Cottweiler is an East-London-based concept-led menswear label providing luxury casual wear informed by an appreciation for simplicity, function, fit and fabrication. Design and tailoring avant-garde creatives Matt Dainty and Ben Cottrell met whilst studying Fashion and Textile at Bristol University. Despite their different upbringings, the pair were soon drawn to each other thanks to the shared fascination in both British and continental subculture, and the mutual desire to create an organic label with longevity that would have people rethink their opinion on fashion.
From their small but perfectly formed studio squeezed into a railway arch in East London, they work tirelessly on growing the label in their own uncompromising way and terms. Distanced from the glare of mainstream London Collections, they started off creating garments on a personal order basis for their mates. Gradually they kept evolving in to the future by extending the production of garments – without losing grip with their core values in developing nonchalantly edgy sportswear in high-end fabrics. That’s precisely how each Cottweiler collection results in a smorgasbord of subculture, an intriguing mishmash of iconographic references from youth movements, religious symbols, fetishism and the occult. In addition to producing both seasonal and limited-edition capsule collections, the duo continues providing for an ever growing made-to-measure client base – and they collaborate with cutting edge artists on projects across several media ranging from film and photography to illustration.
Perhaps the distinctive element that sets Cottweiler aside from the mass of similarly emerging hip brands is the role played by fabric. In Dainty’s own words, “Fabric is so important to us. We’re both excited by performance fabrics and fabrics that still perform, yet have the appearance of classic cloths. We’ve managed to build five core suppliers – some are in the UK and others in Germany, Switzerland and France, and they will work with us in small quantities”.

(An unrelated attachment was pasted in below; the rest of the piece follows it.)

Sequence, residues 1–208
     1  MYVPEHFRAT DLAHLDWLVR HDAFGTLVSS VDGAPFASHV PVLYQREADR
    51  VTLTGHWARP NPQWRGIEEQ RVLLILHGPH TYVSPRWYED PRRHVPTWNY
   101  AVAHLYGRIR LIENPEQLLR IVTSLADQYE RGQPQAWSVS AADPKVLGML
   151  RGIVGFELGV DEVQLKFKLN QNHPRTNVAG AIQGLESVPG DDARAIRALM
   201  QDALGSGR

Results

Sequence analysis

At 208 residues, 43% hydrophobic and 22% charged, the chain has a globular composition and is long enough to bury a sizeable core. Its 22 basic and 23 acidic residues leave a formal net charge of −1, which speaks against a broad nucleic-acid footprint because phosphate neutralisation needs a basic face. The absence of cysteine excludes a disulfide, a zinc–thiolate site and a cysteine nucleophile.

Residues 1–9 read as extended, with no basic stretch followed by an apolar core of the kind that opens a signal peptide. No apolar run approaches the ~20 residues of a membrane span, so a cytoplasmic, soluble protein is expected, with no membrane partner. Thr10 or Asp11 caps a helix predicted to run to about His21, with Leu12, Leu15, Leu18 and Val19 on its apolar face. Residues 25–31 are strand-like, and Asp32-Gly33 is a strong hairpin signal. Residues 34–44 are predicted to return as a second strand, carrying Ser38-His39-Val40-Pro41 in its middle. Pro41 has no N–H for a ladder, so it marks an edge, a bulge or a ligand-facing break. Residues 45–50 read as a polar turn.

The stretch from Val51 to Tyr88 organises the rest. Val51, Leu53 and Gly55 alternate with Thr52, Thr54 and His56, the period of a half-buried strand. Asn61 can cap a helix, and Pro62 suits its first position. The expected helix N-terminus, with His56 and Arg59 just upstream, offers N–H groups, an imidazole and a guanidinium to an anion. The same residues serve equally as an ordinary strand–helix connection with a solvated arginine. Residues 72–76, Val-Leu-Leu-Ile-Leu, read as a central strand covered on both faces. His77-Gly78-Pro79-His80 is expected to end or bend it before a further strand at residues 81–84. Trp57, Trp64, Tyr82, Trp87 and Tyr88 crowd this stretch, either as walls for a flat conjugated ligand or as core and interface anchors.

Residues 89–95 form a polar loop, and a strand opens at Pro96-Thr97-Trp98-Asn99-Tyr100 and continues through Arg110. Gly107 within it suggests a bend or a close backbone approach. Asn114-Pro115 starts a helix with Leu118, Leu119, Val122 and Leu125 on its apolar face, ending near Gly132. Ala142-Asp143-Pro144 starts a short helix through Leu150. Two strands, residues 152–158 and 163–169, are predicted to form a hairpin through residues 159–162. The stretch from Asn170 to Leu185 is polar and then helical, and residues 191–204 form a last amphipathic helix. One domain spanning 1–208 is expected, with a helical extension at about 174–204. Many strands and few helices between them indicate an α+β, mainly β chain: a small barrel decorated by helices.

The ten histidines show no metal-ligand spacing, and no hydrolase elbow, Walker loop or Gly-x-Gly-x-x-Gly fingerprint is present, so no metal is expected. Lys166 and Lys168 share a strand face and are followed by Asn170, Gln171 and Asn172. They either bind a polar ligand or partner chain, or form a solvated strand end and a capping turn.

Although working side by side (virtually 24/7) through the whole creative and production process may sound draining enough, the duo just can’t seem to get quite enough. Their aesthetic authenticity travels through their spot-on curation of amateur photography – and youtube screenshots sit seamlessly alongside subsequent look books. From prison codes to scuba diving, joyriders and tunnel dwellers to ravers, it will only take a look into Cottweiler’s kaleidoscope of inspiration on their Tumblr to fully and easily understand what they’re on about (see the bottom of the article for full links).
As for their SS14 collection, inspiration is once again drawn from Czech ravers and the wilderness surrounding a certain 1990’s, cool gabber style of ever-tempting and sexy Prague. Starting from videos of boys wearing full tracksuits in the shower and filming themselves, Cottweiler builds on their signature aesthetic and reveals exciting updates to their beloved silhouette and techno fabrications, experimenting with volume and sophisticated layering – all executed in signature Cottweiler no-logo style. Staples include white semi transparent mesh bonded membrane shell tops and re-proportioned tracksuits to be worn directly on the skin. That’s the keyword to the entire collection: covering – and oftentimes not so much covering – the body with one layer only, be it a soft nylon transparent zipped wind jacket with matching shorts or equally comfortable satin tracksuit trousers. All pieces are explored in a palette of transparent off-white and satin black tonal shades, with the signature Cottweiler tape details.
Thanks to this incredible formula and the pair’s easy-going stamina and determination, Cottweiler is now available at Primitive London, GR8 Tokyo, Substance L.A., V Files New York, Tate’s Zurich and Wildstyle L.A.
The duo don’t particularly believe in names. They admit: ”We’ve tried to develop the identity of Cottweiler without putting our names all over it. We are pretty anti-branding to be honest. […] That’s how we dress as well. We are into sportswear, but we’re not into swooshes and three stripes everywhere”.
There is a subtlety to Cottweiler that makes it utterly unnecessary to resolve to a brash logo to be unmistakably singled out: they already stand out with their very personal take on sportswear in luxurious, lavish fabrics. And despite the duo’s somewhat hostile outlook on branding and names, we’re sure they won’t mind their many recent features on Hunger, Vogue Italia, Ponystep and WAD Magazine.
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